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    Here are the literary adaptations to look out for at this year’s Cannes Film Festival.

    Brittany Allen

    May 17, 2024, 12:06pm

    Since the 1930s, the annual Cannes international film festival has been a glamorous hub for new cinema. (And, according to an audacious claim on its website: the world’s “most widely publicized cultural event.”) While the festival’s carefully cultivated position at the apex of High Culture masks what I imagine are brutal behind-the-scenes distribution battles happening nightly in Provençal’s shadiest back-rooms, movie nuts may look to Cannes for some of the most exciting international, indie, and auteur cinema offerings.

    And as the frantic book-to-screen adaptation trend continues apace, many of those offerings are adapted from books. Here’s a glance at some of the exciting literary fare to be found at this year’s festival, which is currently running through May 25.

    September Says

    An adaptation of Daisy Johnson’s smash hit gothic novel Sisters, September Says follows a combustible trio of two sisters (July and September) and their mother (Sheela) over a fraught holiday in Ireland. The first feature film written and directed by the actor Ariane Labed (wife and long-time collaborator of Yorgos Lanthimos), this one promises to shimmer with strangeness. Although it has not secured distribution yet, my fingers are crossed.

    On its release in 2020, the novel Sisters was praised as a thrilling, macabre mystery, nuanced in its exploration of codependency. You can read an excerpt of the novel here.

    La Plus Précieuse des Marchandises (The Most Precious of Cargoes)

    This animated drama from the French auteur Michel Hazanaviciuswho may be best known stateside as the heart behind 2011’s homage-to-silent film, The Artistis adapted from a novel of the same name. This allegorical fairy tale by author Jean-Claude Grumberg is set during the Holocaust, and follows a woman living in the Polish woods who adopts an orphaned child. The novel was published in the States in 2020 via HarperVia, and translated from the French by Frank Wynne.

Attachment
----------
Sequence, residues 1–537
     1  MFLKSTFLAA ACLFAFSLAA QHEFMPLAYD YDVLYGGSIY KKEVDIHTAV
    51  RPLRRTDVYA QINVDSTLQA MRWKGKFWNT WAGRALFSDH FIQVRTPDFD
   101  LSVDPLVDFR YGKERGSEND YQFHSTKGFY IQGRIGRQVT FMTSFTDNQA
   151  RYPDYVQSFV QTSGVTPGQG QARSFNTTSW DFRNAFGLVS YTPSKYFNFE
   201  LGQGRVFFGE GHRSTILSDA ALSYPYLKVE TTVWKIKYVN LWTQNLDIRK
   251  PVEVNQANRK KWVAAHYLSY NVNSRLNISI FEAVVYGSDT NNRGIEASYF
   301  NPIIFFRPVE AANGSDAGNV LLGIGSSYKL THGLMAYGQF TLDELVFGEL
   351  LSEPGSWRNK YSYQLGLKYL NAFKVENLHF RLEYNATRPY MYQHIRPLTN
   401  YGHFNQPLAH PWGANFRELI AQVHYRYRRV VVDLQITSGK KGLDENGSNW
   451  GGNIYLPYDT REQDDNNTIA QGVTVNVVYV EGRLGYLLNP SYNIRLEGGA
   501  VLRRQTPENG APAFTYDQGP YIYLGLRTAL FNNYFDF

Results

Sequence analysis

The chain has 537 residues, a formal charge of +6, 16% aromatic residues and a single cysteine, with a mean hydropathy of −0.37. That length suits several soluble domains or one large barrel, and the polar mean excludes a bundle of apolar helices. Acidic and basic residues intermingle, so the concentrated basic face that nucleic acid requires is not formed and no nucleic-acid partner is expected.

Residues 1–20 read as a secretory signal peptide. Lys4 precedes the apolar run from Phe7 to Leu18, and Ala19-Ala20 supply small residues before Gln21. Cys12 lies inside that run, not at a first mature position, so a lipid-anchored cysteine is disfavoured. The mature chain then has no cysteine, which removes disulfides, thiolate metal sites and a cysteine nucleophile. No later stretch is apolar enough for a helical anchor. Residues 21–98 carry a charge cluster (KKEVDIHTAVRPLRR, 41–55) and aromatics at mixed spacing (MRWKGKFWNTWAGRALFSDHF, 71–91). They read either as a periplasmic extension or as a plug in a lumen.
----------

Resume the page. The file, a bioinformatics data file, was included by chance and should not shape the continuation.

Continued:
The film adaptation, which Grumberg and Hazanavicius adapted together, is already generating buzz for its poignant treatment of tragedy, and the beautiful hand-drawn art.

    Photo by Jeong Park Long Live the King!

    Oh, Canada

    Paul Schrader is back in action with this highly-anticipated new film about a leftie documentarian with a dark secret. Our protagonist Leonard Fife (Richard Gere) is lifted from the pages of Russell Banks’ 2021 novel Foregone, which author Adam Haslett praised in  Times’ Book Review. As a confessional reckoning infused with “a working-class New England existentialism,” this piece sounds like something well within Gere’s wheelhouse. Especially considering his cast co-conspirators include pleasure- to-have-in-class like Uma Thurman, Jacob Elordi(!), and Michael Imperioli.

    A prolific author of more than twenty books (including the Pulitzer Prize-finalist, Continental Drift), Banks died in January 2023.

    Can you believe this is Ben Whishaw?!

    Limonov: The Ballad

    This profile of “a revolutionary militant, a thug, an underground writer, a butler to a millionaire in Manhattan…a switchblade-waving poet, a lover of beautiful women, a warmonger, a political agitator, and a novelist,” Eduard Limonov, stars an extra-dapper Ben Whishaw. Adapted by the Russian filmmaker Kirill Serebrennikov from a “most peculiar” cult classic by Emmanuel Carrère, this jaunty, raunchy, highly-editorialized biography has piqued my interest.

    Consider the novel’s title alone: Limonov: The Outrageous Adventures of the Radical Soviet Poet Who Became a Bum in New York, a Sensation in France, and a Political Antihero in Russia.

    What’s he BUILDING in there…


    Francis Ford Coppola’s opus features nods to David Graeber and Herman Hesse. But we’ve covered that elsewhere.

    I’m curious about this year’s Cannes, whose jury is helmed by none other than Head Barbie in chief (and famous literary adaptor to screen), Greta Gerwig. Not least because the festival has championed some of my favorite filmslike Paris, Texas, The Piano, and Parasite. And of course, the all-time Palme d’or winner: Bob Fosse’s All That Jazz.

    Those films were all original screenplays, far as I know. But that’s a whole other quibble. In the meantime, my hopes stay high.

    Images Via, Via, Via

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